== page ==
November 14 2023 Andrew Park, Pharm D.

On the surface, a medical writer has a simple calling: communicate medical information and research results clearly to the intended audience. How one achieves this goal is what sets apart a great medical writer. Arriving at a high-quality final document requires planning, clear communication, coordination between team members, and building consensus among stakeholders. These are not directly related to writing per se but are central to the success of our projects, so how does a medical writer learn and hone such skills?

As a Sr. Medical Writer with PROMETRIKA, I led a roundtable discussion at the AMWA 2023 annual conference to explore this question. My experience prior to becoming a medical writer runs deep in a wide range of roles in clinical research. My most recent tenure in clinical operations at PROMETRIKA, a full-service CRO, working with its many functional teams (e.g., data management, biostatistics, regulatory affairs) brought to light the interconnected nature of the work leading to a completed document. That said, no one person can have all the skills necessary for the “perfect” medical writer. Thankfully, our roundtable gathered a diverse group of medical writers from varied backgrounds and professions, ranging from academia to hospitals to the pharmaceutical industry.

Most medical writers have not arrived at the profession directly, but have held prior positions. Whether they started in retail pharmacy, marketing, small pharma, or laboratory work, roundtable attendees shared a few common skills they learned that are indispensable to their work as writers:

  • Organization and prioritization: For example, scheduling a meeting for critical reviewers at a time that works for everyone and prioritizing the questions for discussion is not glamorous, but it is essential to keeping documents on track and making sure the right people weigh in on the most important decisions.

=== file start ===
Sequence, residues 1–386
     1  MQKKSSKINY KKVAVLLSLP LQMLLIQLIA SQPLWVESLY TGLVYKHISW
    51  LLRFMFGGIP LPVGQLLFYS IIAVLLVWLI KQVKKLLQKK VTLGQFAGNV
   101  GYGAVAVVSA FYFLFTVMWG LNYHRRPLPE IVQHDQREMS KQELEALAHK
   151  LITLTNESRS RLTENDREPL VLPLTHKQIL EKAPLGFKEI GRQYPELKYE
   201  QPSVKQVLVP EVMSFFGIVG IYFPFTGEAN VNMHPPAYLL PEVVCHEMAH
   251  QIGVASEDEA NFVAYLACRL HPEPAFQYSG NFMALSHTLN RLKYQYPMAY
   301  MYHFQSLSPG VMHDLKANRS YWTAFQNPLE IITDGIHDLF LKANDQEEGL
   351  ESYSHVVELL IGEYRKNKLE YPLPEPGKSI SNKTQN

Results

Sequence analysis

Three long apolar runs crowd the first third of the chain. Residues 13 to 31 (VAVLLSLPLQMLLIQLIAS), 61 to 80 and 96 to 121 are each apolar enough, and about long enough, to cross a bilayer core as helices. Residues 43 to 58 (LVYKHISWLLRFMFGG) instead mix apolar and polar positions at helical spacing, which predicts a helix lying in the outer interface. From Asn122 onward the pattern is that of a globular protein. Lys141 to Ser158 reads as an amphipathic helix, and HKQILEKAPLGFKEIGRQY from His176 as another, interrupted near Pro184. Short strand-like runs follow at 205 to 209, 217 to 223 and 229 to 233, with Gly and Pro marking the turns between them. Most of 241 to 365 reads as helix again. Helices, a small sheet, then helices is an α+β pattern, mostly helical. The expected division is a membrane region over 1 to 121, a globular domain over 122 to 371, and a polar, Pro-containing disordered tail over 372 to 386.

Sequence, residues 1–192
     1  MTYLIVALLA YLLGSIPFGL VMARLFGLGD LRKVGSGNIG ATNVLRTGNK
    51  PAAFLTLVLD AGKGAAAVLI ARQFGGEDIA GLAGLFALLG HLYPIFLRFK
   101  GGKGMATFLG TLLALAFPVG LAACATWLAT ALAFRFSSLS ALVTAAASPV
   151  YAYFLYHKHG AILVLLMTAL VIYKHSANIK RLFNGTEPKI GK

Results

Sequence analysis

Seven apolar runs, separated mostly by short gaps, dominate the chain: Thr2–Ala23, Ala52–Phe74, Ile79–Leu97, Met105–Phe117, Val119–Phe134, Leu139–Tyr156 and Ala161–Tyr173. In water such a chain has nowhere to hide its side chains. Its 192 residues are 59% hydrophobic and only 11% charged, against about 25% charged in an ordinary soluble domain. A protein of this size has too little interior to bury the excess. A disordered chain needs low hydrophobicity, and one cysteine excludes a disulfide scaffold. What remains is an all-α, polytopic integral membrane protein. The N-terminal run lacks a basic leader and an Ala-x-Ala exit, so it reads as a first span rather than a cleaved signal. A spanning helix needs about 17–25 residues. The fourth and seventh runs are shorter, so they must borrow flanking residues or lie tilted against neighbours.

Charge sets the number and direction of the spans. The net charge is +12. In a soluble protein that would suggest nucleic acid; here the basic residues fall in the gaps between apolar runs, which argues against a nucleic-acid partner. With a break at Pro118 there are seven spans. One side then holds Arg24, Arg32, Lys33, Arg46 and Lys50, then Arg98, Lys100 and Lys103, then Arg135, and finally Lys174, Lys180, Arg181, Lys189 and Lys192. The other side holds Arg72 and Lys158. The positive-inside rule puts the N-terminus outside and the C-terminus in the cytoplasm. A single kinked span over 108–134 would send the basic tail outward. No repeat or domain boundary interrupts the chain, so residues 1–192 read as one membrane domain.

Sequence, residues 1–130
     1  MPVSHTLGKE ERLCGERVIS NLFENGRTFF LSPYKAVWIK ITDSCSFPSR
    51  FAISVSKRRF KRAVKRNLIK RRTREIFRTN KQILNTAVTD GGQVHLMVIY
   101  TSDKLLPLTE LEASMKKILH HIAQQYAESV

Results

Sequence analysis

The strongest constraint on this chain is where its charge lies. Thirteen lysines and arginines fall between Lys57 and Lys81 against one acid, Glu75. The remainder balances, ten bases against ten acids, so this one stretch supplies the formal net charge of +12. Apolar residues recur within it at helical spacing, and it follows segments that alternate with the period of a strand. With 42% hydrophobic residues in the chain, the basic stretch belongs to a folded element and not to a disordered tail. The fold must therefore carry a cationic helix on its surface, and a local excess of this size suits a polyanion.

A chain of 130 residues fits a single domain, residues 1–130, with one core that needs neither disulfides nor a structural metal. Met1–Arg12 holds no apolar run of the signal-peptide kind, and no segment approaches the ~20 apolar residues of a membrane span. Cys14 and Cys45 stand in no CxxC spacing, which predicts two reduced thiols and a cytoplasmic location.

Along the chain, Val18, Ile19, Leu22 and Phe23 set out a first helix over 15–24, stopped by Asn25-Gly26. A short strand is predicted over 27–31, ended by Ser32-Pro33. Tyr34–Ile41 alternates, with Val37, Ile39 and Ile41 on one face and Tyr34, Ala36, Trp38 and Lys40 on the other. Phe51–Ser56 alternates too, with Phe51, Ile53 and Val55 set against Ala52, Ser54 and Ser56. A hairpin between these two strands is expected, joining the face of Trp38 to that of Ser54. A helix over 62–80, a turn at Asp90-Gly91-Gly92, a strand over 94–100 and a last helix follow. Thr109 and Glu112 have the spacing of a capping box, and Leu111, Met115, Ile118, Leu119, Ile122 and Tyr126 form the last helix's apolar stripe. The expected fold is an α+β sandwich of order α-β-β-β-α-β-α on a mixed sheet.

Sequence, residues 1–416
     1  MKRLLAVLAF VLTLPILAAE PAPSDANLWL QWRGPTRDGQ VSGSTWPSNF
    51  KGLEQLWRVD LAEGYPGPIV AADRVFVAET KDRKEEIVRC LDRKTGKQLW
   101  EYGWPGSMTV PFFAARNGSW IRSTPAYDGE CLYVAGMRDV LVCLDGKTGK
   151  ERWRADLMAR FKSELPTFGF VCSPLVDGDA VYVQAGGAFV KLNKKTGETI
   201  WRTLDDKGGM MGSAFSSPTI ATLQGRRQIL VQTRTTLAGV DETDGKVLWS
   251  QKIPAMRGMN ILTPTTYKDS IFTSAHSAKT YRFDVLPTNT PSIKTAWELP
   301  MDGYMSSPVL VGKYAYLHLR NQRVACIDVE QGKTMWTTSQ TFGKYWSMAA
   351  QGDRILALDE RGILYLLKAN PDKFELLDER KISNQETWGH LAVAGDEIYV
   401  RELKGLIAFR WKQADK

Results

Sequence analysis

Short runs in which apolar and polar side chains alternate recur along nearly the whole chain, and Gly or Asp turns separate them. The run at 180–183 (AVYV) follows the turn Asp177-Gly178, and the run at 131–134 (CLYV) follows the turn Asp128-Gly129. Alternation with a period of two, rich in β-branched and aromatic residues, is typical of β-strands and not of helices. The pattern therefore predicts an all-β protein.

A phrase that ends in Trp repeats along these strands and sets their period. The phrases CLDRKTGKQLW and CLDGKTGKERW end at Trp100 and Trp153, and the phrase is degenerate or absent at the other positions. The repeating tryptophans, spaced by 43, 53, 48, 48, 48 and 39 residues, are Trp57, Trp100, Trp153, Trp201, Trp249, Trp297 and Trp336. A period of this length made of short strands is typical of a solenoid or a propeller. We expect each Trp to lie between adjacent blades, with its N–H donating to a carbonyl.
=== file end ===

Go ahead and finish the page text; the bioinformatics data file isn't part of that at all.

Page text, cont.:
• Leading up: As medical writers, we rarely have much official clout to dictate the direction of a document, but we can implement strategies to guide key decision makers toward the best outcomes (e.g., presenting viable options rather than an open ended question).
  • “People skills”: Possibly the softest of the soft skills, listening, understanding what others are thinking, and identifying the root of their concerns are essential to building relationships that will help successfully navigate projects.

Of course, we do not stop learning generalizable skills just because we have become medical writers. At PROMETRIKA, I have been able to continue to expand my experience by assisting other functional teams such as pharmacovigilance and business operations. During the roundtable meeting, we shared a number of other resources and avenues to continue growing our skillset.

  • Educational resources such as those provided through LinkedIn Learning or Harvard ManageMentor
  • Professional blogs and books on persuasion, leadership, and other topics, even if not specifically geared toward medical writing
  • Podcasts (even some focused on medical writing) that allow for easy listening and keeping up to date on trends in our respective industries

From my professional life and hearing what others shared at the AMWA conference, I find that I am not unique in combining skills from previous experience and learning outside of medical writing. Regardless of the specific industry or field, our profession is one that encourages continuous growth across multiple dimensions, all toward making us more effective communicators with both our teams and our audiences.

Most medical writers have not arrived at the profession directly, but have held prior positions.

Share This Article